The authors are greatly indebted to the Department of Linguistics and the Hugo Schuchardt Archiv of the Karl-Franzens-Universität Graz, Austria, for organizing the 2013 workshop on Asian Ibero-Romance Creoles which facilitated our access to documents on 19th-century Timor. The Museu Nacional de Arqueologia (Lisbon) also deserves our gratitude for making available the materials of the Leite de Vasconcelos collection. For discussion of Tetun-Dili examples, the authors thank Dr. Catharina Williams van-Klinken, Dr. Adérito Correia, and Prof. Geoffrey Hull, as well as three anonymous reviewers. For discussions of Malay examples, gratitude is expressed to Prof. Stefanie Pillai, Dr Novi Djenar, and Prof. Alexander Adelaar. Naturally, all responsibility for the views presented in this article rests with its authors. Alan N. Baxter’s research is supported by grant 307947/2013-0 of the Conselho Nacional de Desenvolvimento Científico e Tecnológico (cnpq), Brazil. Hugo C. Cardoso’s research was financed by the Fundação para a Ciência e a Tecnologia (fct) under the Investigador fct programme (IF/01009/2012).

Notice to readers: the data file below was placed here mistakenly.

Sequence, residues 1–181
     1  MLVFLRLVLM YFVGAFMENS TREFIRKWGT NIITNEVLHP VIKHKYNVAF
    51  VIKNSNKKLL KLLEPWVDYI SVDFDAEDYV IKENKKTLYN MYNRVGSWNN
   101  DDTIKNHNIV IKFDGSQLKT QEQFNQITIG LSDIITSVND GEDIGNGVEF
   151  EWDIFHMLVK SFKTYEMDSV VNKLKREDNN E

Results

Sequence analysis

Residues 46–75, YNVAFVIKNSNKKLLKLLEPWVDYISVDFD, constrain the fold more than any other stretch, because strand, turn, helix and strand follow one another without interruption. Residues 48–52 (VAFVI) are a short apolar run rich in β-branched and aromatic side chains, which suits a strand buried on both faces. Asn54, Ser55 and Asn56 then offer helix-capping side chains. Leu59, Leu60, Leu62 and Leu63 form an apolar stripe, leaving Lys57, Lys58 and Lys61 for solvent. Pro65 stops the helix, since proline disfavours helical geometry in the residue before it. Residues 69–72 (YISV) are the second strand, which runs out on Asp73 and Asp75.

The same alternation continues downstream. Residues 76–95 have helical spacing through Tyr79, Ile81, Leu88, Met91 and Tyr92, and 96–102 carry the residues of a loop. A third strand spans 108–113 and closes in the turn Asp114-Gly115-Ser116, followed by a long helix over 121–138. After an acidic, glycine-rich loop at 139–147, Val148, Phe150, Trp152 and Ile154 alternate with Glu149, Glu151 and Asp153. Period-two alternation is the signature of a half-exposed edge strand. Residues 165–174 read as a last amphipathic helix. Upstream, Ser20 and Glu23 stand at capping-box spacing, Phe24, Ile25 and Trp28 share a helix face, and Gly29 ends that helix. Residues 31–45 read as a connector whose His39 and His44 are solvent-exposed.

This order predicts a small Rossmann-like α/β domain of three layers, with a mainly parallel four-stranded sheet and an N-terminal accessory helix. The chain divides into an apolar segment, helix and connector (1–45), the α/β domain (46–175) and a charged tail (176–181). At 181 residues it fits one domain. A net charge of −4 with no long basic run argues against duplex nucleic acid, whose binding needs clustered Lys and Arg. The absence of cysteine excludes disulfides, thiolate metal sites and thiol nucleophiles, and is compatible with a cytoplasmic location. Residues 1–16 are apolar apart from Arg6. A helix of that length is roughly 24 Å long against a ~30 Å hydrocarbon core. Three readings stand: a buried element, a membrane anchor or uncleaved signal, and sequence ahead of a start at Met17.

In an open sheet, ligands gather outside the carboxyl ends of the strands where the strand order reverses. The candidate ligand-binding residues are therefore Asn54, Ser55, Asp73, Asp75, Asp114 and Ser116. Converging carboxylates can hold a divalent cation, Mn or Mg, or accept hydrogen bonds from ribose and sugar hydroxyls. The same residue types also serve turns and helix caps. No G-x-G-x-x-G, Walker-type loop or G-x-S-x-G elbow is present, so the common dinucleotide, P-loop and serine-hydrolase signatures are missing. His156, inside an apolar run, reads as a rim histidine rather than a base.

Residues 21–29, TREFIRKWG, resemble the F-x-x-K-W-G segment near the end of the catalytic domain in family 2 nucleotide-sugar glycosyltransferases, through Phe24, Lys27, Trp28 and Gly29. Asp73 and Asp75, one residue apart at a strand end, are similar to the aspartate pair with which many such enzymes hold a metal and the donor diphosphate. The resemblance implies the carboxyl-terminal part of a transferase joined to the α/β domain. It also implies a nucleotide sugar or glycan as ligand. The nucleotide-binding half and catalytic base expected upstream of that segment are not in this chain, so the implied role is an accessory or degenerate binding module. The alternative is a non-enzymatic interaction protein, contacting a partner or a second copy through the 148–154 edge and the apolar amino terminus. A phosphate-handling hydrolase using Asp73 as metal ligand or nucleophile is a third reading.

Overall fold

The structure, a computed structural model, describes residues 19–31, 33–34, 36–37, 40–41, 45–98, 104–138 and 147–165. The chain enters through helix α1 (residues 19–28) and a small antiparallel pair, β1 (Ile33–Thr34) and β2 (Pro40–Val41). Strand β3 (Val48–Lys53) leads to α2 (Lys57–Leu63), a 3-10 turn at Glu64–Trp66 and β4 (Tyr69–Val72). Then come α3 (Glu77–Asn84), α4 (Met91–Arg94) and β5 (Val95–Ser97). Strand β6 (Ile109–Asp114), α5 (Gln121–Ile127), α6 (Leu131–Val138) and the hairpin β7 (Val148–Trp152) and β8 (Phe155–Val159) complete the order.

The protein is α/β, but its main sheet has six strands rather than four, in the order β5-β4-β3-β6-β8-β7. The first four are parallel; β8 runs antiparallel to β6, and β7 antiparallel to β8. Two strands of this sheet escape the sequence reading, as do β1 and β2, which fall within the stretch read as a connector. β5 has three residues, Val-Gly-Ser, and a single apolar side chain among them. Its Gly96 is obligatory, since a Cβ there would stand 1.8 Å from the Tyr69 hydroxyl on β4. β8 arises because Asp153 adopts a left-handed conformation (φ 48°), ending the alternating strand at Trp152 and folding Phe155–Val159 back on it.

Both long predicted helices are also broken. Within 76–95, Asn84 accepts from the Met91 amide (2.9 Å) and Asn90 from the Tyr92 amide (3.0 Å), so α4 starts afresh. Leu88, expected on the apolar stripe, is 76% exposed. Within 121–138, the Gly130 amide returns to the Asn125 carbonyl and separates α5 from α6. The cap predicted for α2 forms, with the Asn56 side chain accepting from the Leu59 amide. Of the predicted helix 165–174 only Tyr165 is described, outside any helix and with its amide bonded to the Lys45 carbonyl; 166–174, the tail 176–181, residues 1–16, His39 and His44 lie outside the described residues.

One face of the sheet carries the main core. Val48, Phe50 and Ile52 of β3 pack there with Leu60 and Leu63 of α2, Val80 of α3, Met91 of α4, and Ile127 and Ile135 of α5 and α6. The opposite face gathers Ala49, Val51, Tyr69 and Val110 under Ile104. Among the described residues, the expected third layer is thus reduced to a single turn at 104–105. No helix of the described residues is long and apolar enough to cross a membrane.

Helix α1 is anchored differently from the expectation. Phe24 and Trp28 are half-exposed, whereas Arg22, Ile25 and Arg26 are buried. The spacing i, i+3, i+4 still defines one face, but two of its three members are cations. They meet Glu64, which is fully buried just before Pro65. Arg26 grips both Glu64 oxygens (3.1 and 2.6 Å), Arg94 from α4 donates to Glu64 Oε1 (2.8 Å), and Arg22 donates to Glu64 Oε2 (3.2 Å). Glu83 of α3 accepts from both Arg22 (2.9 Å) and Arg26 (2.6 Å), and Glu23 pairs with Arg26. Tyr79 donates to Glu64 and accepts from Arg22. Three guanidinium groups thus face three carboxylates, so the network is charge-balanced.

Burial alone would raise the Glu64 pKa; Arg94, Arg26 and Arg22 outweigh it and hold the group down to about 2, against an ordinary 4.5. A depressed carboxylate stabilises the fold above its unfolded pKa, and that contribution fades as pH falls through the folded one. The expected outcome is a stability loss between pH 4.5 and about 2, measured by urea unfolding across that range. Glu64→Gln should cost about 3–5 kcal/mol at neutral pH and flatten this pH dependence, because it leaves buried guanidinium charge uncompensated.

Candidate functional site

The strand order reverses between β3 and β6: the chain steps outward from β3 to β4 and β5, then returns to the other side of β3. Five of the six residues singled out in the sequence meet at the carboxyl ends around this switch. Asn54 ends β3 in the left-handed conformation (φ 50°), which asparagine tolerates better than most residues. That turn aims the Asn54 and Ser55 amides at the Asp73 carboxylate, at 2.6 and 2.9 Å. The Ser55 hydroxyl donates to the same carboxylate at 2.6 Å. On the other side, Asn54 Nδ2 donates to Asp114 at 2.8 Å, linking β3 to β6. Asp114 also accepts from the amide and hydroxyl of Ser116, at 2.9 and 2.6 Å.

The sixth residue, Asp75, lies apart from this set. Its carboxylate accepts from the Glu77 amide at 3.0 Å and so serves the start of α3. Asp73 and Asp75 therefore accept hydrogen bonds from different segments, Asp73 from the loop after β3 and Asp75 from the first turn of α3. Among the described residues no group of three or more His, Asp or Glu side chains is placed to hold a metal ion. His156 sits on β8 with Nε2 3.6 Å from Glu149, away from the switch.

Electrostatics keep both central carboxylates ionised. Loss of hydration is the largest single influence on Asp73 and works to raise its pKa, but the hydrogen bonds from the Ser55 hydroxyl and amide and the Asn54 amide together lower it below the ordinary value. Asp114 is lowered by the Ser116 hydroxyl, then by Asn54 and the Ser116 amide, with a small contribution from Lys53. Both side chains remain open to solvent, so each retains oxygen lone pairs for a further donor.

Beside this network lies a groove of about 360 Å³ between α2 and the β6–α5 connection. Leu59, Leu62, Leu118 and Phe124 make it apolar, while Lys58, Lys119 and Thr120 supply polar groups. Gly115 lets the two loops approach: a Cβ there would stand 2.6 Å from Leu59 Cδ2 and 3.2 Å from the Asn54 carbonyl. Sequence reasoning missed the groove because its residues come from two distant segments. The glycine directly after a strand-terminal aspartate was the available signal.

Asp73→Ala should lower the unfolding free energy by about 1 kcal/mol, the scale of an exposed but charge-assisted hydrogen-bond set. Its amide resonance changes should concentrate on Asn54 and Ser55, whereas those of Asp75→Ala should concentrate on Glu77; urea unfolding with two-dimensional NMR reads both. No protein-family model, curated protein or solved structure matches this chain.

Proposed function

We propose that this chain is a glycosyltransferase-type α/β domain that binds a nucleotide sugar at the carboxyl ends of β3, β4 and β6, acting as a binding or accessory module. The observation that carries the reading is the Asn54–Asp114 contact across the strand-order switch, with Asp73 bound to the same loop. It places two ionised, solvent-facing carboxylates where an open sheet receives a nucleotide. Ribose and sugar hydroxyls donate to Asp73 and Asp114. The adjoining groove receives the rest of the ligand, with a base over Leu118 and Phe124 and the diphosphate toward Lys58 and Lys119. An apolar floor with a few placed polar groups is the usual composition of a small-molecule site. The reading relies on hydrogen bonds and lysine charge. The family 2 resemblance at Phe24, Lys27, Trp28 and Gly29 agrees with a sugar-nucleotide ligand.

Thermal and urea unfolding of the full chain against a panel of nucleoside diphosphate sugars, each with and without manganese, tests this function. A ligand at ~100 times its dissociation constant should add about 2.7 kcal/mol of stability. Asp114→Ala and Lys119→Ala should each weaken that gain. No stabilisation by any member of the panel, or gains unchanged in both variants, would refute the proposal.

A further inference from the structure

Abbreviations

1p

first person plural

1s

first person singular

2s

second person singular

3p

third person plural

3s

third person singular

art

article

bcp

Bidau Creole Portuguese

CP

Creole Portuguese (i.e. Portuguese-lexified)

dem

demonstrative

dis

discourse marker

excl

exclusive

fut

future

intj

interjection

L1

first language

L2

second language

loc

locative

m

masculine

MacCP

Macau Creole Portuguese

MalCP

Malacca Creole Portuguese

mat

Missão Antropológica de Timor

neg

negator

NP

noun phrase

obl

oblique

pfv

perfective

PL

plural

pos

possessive

prox

proximate

pst

past

Ptg

Portuguese

Tet

Tetun

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Transcription of Archival Materials

Appendix A

Letter of Tancredo Caldeira do Casal Ribeiro to Hugo Schuchardt

Dili, June 30th 1882

Hugo Schuchardt Archiv (University of Graz), nr. 01553

---

Ex.moSr.

Dilly 30 de Junho

1882

Recebi a amavel carta de V. E.a, e longe de pedir indulgencia como V. E.a diz, era de meu stricto dever procurar dar o meu auxilio, ainda que insignificantissimo, para um estudo tão valioso, sendo de mais a mais um estrangeiro que a elle se dedicava. Infelizmente o Sr. Meyrelles de Távora, confiando e com boa razão na minha boa vontade, enganou-se bastante quanto á minha capacidade para estudos linguisticos, aos quaes nem de longe me dediquei. Tenho o curso de agronomo e é nesse cargo que me acho em Timor e V. E.a bem vê que nenhuma paridade existe entre a sciencia agronomica e os estudos linguisticos. Portanto limitar-me-hei a assentar os factos, e se alguma vez collocando-me debaixo de um ponto de vista falso apresentar alguma reflexão menos exacta V. E.a a corrigirá. Como eu estou aqui há apenas um anno, não tendo portanto a practica necessária, pedi a um dos missionarios que me coadjuvasse, e espero poder enviar a V. E.a alguma cousa do que deseja.